While the ladies ate melon, Andrew and I prepared breakfast. We made scrambled eggs, bacon and fried potatoes, which we ate with toast, orange juice and cranberry juice. We wrapped things up with kuchen.

Tim eats everything now and he plowed through his breakfast like a house afire, but Helena was fed only scrambled eggs and juices.

The dog got a bowl of cut-up bacon, a few bites of fried potato, and cut-up toast with jam. He also got a small bowl of cut-up kuchen soaked in milk.

Breakfast over, Andrew and I cleaned the kitchen while Tim and Helena went upstairs for their baths.

Once the kitchen was cleaned, Andrew and I turned the kitchen over to Andrew’s mother, who began preparations for Dutch Chowder, which was to serve as our Christmas Day lunch.

After the kids came downstairs from their baths, it was time for us to begin addressing removal of the snow.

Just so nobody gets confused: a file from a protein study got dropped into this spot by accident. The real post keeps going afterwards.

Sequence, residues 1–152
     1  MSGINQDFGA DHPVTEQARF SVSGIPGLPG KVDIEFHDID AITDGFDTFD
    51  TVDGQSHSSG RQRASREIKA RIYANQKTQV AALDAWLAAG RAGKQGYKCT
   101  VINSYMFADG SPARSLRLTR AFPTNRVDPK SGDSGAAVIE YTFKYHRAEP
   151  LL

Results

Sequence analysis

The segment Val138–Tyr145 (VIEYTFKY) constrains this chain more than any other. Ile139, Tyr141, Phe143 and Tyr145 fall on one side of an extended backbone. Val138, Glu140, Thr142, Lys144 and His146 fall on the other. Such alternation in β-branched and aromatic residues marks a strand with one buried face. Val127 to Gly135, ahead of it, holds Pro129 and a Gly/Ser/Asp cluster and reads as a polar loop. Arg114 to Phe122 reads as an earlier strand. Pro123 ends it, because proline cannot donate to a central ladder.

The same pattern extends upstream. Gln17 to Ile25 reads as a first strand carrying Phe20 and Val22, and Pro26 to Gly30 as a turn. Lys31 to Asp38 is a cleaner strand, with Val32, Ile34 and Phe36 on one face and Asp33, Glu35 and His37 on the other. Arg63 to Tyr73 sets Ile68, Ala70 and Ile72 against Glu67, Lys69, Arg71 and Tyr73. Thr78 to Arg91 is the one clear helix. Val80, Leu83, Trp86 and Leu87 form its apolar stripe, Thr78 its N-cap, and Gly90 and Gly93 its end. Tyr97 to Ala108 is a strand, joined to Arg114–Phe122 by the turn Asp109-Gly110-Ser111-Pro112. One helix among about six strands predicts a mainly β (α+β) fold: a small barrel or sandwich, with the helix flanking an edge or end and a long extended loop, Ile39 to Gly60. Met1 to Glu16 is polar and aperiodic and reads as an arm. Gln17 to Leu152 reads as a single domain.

We knew we were in for a losing battle—the snow was expected to continue for at least another 48 hours—but we wanted to remove as much snow as possible so that we could get out if there were an emergency.

Our morning goal was to clear the drive from the garage to the street, a major task, as the garage is at ground level at the back of the house (from the street, Andrew’s parents’ house appears to be two-and-a-half stories; from the back, Andrew’s parents’ house is seen to be three-and-a-half stories, with the garage occupying a portion of the bottom level).

With four of us to shovel—Alec, Alex, and Andrew and I—we hoped to be able to clear the drive by lunchtime.